wherein the outlet of the capillary tube is aligned with the aperture of the first interface element and is positioned directly in front of, and in close proximity to the aperture of the first interface element, whereby, in use, with a sufficient voltage potential applied between the liquid and the electrode to form an electric field sufficient to cause the liquid stream flowing through the outlet of the capillary tube at the preset flow rate to become a liquid stream in the form of a Taylor cone having a jet region that originates at the outlet of the capillary tube and flows through the aperture of the first interface element into the second region and substantially desolvates into gas phase ions in the second region, and wherein the spacing between the outlet of the capillary tube and the aperture of the first interface element is such that the jet region of the Taylor cone is positioned within the aperture of the first interface element so that the liquid stream disperses into charged droplets substantially in the second region.
2. An apparatus as claimed in claim 1, which includes heating means for supplying energy to droplets in the second region to promote vaporization.
3. An apparatus as claimed in claim 2, wherein the heating means comprises a laser mounted such that the beam from the laser intersects the liquid stream as it emerges into the second region through the aperture of the first interface element.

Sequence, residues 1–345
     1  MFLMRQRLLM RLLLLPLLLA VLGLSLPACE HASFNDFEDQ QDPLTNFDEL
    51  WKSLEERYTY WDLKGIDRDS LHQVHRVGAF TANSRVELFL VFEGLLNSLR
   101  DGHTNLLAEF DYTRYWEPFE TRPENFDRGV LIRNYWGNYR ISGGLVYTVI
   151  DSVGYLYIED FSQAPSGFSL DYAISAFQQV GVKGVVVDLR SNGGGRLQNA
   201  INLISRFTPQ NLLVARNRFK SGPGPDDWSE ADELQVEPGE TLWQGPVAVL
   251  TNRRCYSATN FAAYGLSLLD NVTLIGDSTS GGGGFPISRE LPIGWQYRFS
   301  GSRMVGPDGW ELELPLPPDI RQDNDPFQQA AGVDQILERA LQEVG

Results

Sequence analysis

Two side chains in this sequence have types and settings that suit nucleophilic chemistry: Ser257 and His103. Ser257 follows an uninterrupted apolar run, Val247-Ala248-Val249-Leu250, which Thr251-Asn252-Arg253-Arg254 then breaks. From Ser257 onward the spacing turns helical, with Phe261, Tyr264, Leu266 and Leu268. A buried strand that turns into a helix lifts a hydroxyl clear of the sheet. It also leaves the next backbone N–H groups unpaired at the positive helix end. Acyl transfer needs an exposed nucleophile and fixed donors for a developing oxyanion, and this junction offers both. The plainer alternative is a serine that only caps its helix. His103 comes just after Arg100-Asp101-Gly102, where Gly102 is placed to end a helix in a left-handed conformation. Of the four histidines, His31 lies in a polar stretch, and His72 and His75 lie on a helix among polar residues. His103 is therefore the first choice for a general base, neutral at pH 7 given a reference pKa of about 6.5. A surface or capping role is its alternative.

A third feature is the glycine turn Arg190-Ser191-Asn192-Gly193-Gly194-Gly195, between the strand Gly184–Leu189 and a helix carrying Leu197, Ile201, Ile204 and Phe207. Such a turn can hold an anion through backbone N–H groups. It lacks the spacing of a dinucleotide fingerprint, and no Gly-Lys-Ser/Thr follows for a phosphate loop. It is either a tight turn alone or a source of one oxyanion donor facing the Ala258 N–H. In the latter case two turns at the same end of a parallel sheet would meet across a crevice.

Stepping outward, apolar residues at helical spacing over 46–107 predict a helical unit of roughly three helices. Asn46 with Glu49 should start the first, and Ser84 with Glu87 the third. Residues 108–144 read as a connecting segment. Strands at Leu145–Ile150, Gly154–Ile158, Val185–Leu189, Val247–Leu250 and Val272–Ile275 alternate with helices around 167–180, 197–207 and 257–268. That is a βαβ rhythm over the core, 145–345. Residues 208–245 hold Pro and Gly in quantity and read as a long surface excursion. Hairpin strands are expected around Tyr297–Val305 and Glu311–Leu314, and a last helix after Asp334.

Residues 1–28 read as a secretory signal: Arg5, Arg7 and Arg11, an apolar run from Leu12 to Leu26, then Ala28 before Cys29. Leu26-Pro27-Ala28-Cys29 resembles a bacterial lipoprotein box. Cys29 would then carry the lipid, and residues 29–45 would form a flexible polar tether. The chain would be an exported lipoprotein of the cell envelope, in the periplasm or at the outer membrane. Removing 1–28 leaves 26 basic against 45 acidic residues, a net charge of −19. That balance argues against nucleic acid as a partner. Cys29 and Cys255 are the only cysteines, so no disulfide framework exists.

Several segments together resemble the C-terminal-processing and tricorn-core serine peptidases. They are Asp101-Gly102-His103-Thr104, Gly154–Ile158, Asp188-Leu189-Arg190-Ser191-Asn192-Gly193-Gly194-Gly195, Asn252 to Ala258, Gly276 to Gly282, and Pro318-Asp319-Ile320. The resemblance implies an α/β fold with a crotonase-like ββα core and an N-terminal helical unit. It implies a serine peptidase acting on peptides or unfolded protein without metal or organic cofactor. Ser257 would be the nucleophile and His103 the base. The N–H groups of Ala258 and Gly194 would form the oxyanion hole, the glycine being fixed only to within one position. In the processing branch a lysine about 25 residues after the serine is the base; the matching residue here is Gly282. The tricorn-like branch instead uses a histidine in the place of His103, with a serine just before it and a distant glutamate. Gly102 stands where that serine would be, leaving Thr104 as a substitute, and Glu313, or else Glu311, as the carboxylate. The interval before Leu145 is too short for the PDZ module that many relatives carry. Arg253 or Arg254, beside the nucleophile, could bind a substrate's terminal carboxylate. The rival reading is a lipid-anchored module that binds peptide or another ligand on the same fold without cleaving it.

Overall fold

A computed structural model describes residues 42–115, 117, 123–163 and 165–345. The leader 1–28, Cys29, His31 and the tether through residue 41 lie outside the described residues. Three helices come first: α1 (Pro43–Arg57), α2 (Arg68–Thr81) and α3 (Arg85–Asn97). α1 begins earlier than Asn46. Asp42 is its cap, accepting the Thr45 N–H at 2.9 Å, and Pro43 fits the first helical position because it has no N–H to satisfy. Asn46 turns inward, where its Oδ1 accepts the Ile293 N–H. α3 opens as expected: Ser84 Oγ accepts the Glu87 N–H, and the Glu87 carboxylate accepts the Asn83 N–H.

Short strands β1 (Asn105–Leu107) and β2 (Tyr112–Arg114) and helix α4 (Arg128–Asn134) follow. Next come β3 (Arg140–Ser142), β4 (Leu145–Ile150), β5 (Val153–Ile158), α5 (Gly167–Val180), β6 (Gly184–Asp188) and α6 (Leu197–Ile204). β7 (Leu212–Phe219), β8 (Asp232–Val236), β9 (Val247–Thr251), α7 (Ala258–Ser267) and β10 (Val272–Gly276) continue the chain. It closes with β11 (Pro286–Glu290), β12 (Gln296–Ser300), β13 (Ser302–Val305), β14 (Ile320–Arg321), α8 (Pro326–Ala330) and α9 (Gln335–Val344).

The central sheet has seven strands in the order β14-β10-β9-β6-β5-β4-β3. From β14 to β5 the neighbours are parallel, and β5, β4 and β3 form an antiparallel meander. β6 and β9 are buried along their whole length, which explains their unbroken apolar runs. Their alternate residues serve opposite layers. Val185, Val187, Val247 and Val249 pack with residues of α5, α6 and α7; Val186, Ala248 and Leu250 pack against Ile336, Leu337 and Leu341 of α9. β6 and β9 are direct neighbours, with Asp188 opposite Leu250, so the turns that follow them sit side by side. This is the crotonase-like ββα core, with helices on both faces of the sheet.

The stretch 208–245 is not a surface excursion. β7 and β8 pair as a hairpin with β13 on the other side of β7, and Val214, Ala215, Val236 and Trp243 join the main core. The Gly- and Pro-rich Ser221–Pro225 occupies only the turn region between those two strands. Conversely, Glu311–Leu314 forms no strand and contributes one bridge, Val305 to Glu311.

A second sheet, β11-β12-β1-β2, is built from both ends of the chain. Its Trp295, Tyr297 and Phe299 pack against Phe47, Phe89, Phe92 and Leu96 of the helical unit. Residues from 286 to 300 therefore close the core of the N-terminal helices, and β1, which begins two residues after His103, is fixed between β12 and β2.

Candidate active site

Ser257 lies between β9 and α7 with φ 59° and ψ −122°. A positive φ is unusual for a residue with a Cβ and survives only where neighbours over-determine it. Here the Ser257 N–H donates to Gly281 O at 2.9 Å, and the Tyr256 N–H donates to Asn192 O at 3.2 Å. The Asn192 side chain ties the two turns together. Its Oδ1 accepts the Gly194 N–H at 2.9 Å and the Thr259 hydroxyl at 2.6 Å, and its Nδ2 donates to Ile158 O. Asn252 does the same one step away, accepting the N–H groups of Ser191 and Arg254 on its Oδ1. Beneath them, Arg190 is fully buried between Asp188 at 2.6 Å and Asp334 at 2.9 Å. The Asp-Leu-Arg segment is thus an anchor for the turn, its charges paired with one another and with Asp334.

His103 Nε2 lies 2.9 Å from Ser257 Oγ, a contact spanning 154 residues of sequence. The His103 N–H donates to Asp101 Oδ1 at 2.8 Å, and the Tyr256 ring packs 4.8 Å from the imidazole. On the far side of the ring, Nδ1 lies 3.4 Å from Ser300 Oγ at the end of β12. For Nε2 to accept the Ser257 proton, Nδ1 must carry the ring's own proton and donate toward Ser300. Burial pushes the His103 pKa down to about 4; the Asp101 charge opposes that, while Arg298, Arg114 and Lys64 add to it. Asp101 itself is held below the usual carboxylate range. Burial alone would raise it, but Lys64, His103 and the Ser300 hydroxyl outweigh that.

4. An apparatus as claimed in claim 2, which further comprises a first chamber defining the first region with the capillary tube located in the first chamber, second chamber defining the second region, and wherein the heating means includes means for heating the second chamber.
5. An apparatus as claimed in claim 4, wherein the heating means comprises at least one of: means for supplying gas to the second chamber and for heating the gas; a laser for irradiating the droplets to heat said droplets; a microwave generation means for heating droplets with microwave energy; an infrared heater for heating said droplets with infrared heat; and a heater including a length of heating tape wrapped around the outside of the second chamber to provide thermal heat to said droplets.
6. An apparatus as claimed in claim 5, which additionally includes means for heating the capillary tube, to promote vaporization of droplets.
7. An apparatus as claimed in claim 4, which includes an ion guide in the second chamber for collecting and guiding ions.